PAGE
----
H: How did you keep yourself motivated after tearing your ACL?
C: I really wanted to be a Division-I athlete. I tore my ACL beginning of my sophomore season. I was very devastated when I tore my ACL. It was hard and painful after surgery but I kept working hard. I had to stay mentally focused and keep reminding myself of what my goals were, so I used post it notes to help me. The baseball coach/athletic director would also motivate me by saying that there were no Division-I athletes at our school so that made me want to compete more and have that drive. I got a trainer and strengthened my knee again. I had to keep my eye on the prize and accomplish daily the little things that made me feel better.
“You were always with your team and I made some of my best friends that I have today because of that.”
H: What do you look for in your athletes to know if they can further their basketball career?
C: I look for drive, if I roll a ball out you look for the first person that goes after the ball. I also look for a person that has a defensive mindset because they won’t get pushed around and are tougher. I also want athletes to be competitive and who will get the job done.
H: What do you hope to teach your young basketball players besides the game?
C: Overcoming and working hard when the odds are against you is a great way to grow your character. I want kids to believe in the imaginable so they will believe in themselves so they will take chances, learn new things, and know many possibilities are ahead of them.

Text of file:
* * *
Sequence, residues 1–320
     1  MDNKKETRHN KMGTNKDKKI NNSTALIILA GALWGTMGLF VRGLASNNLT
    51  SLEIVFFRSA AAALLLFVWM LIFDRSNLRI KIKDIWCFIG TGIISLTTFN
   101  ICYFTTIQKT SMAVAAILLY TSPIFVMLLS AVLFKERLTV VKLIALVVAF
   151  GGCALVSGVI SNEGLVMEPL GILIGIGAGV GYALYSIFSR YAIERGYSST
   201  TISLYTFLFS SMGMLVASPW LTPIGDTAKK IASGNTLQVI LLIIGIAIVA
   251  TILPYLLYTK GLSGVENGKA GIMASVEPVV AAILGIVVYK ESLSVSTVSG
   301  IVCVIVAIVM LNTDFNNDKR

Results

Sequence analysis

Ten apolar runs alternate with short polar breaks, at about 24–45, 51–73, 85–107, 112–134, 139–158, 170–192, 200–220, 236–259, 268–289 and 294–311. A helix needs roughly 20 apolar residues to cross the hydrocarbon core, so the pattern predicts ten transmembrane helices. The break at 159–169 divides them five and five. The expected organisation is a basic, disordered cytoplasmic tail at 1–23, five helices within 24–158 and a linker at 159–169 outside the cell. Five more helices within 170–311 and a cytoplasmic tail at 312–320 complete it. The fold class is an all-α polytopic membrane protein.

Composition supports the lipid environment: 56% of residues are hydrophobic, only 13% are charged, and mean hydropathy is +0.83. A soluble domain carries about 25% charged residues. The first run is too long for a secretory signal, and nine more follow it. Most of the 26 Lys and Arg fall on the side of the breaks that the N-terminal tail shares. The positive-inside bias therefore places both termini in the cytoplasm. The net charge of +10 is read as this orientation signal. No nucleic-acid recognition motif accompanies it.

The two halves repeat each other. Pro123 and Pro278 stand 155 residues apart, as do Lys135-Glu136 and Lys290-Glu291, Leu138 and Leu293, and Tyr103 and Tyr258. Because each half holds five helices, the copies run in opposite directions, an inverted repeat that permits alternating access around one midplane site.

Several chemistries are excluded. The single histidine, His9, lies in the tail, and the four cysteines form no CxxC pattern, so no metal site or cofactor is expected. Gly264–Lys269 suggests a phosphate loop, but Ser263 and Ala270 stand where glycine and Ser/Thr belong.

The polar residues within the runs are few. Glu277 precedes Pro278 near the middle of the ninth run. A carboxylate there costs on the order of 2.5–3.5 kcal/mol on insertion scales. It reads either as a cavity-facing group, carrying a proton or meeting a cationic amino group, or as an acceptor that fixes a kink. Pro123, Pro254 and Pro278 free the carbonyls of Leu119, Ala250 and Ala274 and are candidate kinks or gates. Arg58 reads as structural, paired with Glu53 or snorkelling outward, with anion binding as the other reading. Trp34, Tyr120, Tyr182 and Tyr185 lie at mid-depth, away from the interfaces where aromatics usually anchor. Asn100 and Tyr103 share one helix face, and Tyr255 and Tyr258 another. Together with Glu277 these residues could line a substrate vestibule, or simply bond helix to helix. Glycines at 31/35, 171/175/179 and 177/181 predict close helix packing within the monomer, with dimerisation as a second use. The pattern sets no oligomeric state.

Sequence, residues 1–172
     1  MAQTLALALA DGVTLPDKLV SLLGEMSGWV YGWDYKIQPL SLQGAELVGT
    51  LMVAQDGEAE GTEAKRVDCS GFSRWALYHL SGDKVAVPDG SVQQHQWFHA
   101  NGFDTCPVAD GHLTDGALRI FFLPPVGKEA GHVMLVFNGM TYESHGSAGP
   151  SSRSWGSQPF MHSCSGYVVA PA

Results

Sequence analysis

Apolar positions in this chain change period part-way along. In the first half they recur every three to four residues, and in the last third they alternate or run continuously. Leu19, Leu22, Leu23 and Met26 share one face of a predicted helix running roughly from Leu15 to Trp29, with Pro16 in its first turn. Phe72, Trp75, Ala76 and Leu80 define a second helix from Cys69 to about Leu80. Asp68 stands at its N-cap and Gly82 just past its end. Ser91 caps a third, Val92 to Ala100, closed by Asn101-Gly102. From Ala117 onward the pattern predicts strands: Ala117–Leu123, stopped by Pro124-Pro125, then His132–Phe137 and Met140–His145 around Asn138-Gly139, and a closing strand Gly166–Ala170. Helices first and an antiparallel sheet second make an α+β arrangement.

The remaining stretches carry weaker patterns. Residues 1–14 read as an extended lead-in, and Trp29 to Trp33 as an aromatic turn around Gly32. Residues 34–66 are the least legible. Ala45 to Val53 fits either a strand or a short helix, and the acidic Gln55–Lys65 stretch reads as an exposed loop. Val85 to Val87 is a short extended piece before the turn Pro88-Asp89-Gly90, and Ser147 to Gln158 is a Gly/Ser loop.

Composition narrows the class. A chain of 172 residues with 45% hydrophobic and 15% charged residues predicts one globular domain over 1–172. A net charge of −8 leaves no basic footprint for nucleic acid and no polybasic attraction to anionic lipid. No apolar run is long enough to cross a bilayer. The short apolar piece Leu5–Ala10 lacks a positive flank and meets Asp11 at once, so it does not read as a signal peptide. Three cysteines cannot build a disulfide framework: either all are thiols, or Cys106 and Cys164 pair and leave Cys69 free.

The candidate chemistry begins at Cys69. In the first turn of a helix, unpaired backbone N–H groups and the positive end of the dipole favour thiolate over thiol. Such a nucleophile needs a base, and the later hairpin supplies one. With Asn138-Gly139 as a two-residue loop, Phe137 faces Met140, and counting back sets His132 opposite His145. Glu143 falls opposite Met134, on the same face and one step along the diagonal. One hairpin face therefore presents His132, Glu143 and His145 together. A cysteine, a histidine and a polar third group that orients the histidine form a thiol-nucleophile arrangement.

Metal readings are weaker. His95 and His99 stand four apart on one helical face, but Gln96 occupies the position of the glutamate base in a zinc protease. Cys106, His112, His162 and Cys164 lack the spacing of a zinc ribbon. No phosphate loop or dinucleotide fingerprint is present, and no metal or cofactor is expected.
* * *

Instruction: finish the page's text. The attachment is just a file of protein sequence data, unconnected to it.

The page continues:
H: What was your average day like in college?
C: I would wake up in my dorm with my teammate and go to breakfast club (eating early with teammates) and then go do running drills at 6 am. Once the three-mile run was accomplished in the set time by the coach, you wouldn’t have to be in the breakfast club. After we would attend class we would grab food from the cafeteria. After lunch we would go to practice, lift weights, have team meetings or dinners, finish homework and then you were back at it at 6 am the next day. You were always with your team and I made some of my best friends that I have today because of that.
Carly was very inspiring to me as I too am trying to pursue a college athlete path at a Division I school. She reminded me to keep my dreams and goals achievable but to work hard and go the extra mile and then good things will happen for me. I loved hearing Carly’s stories of going to Seattle University and bringing the team together so by the end they were all sisters. I now know that through playing basketball and softball I will create memories that will last a lifetime and that will help me in my life outside of sports. Getting a job and being a good person, all come from what I have learned by being a student athlete. These lessons and experience will always be with me; no matter how far I go or how long I play.
Each month, one of our interns will interview a former athlete and current leader. Our mission is to connect our girl athletes to experienced ones, to tell the stories of our women’s sports community, and to inspire her own voice. Interested in joining our Editorial Internship Program in the fall? Send a brief letter of interest to firstname.lastname@example.org by October10, 2018.